5) “Blindspotting” - If you hear anyone express how poetic this movie is, it's mostly because the movie is comprised of numerous poems. While it might seem gimmicky if it were anyone else, it is rightfully welcomed, mostly because of the writers’ career background. Just when you might want to write this off as a comedy, the movie stabs you through the chest with social commentary and executes it perfectly. The movie from that moment forward (by the 50 minute mark) gets heavy-handed with its social issues, from police brutality to the negatives of gentrification, through visuals and conversations that no other film has ever expressed before. It never lets up with powerful statements and pulse-pounding moments that keep you gripped to your seat from the second half through the end of the movie. Immediately, “Blindspotting” became one of the most powerful and moving films I’ve seen this year.
4) “American Animals” - Have you ever seen any of those ID channel mystery shows (don’t ask which specific show, they’re all interchangeable)? Think of “American Animals” as a theatrical version of an episode of one of those shows. The primary difference is that “American Animals” is extremely creative in it’s narrative format. That doesn’t only apply to true crime films, but the biopic genre in general. The way this story is presented is mind-blowing in a way that I don’t think I’ve ever seen before in cinema. This is one of those films where it’s storytelling is the carrier of the movie and never ceased to surprise me all the way through. From it’s style, the crafty writing, and the performances, this is one of those movies that reminded me of why I love movies to begin with.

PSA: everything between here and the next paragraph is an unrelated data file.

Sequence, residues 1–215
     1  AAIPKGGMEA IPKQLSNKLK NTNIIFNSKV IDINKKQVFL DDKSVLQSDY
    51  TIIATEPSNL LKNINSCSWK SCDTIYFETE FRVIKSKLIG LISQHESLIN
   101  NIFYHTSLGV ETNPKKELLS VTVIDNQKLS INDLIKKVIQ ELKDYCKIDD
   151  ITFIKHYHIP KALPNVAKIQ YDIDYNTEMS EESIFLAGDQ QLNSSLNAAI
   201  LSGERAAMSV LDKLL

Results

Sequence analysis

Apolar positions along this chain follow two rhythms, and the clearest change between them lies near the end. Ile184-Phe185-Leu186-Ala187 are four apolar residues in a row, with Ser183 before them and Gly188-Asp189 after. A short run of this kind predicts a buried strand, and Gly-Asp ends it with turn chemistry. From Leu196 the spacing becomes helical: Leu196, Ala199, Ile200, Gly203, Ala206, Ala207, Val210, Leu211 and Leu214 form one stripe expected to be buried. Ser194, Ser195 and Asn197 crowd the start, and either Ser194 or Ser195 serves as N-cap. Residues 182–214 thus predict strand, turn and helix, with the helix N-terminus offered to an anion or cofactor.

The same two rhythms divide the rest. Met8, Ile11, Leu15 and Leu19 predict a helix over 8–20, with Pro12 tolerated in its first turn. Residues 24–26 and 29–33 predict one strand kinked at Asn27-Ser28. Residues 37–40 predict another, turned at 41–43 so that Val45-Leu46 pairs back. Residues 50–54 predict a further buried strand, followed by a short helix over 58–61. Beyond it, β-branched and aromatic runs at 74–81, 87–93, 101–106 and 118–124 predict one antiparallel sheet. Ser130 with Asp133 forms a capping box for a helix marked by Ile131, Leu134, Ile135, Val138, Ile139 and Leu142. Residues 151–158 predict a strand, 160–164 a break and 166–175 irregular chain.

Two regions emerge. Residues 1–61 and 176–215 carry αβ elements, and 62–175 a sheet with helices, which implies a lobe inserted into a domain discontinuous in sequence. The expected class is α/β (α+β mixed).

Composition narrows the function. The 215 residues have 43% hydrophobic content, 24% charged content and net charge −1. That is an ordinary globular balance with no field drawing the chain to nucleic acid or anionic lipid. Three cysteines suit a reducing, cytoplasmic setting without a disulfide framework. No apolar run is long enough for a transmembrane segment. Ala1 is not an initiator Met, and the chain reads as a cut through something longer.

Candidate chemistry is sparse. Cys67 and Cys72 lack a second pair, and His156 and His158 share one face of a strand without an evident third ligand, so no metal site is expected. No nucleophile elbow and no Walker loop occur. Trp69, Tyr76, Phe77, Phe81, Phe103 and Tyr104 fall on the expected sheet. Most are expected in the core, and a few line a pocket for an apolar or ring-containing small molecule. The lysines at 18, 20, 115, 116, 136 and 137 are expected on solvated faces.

3) “Won’t You Be My Neighbor” - While the film is mostly a standard formatted documentary, the subject himself makes this movie shine. In a world of hatred and aggression, Mister Rogers’ kindness just touches your soul and leaves you broken inside, but in a happy way. This doc doesn’t just serve Fred Rogers justice, but it’s also a great education opportunity for the newer generation of people who have no knowledge of “Mister Rogers Neighborhood”, especially those who never heard of PBS Kids.
2) “Leave No Trace” - There’s an episode of “Animaniacs” where Slappy and Skippy go see a Bambi-type movie called "Bumbi". After Bambi’s mom dies, Skippy starts crying uncontrollably whenever it’s brought up. That is exactly how I am with the ending of this movie. Every time I think of it, I start bawling because of how poignant and mature it is for a PG movie. “Leave No Trace” is the second movie this year with a PG rating that was so moving, I’m ready to start campaigning for it during it’s awards season run. “Leave No Trace”? More like LEAVE NO TRACE OF MY TEARS AS I LEFT THE THEATER!
1) “Eighth Grade” - Well, no shit this was going to be number one. Nothing gave me the most accurate deja vu/out of body experience than “Eighth Grade”. While Bo Burnham is writing a character he could never fill the shoes of, you get the idea of how much of his own middle school experiences he’s incorporating in the script, but in a more modernized time. Triggering in the best way imaginable, “Eighth Grade” is brilliantly reflective and a throwback to the worst year of an adolescent’s life, primarily benefited from Bo Burnham in his directorial debut, and breakout star Elsie Fisher.
Thus concludes my list of the best indie movies of 2018. What were your favorite movies of the summer? Any films you would’ve liked to see on this list? Feel free to write in the comment section below!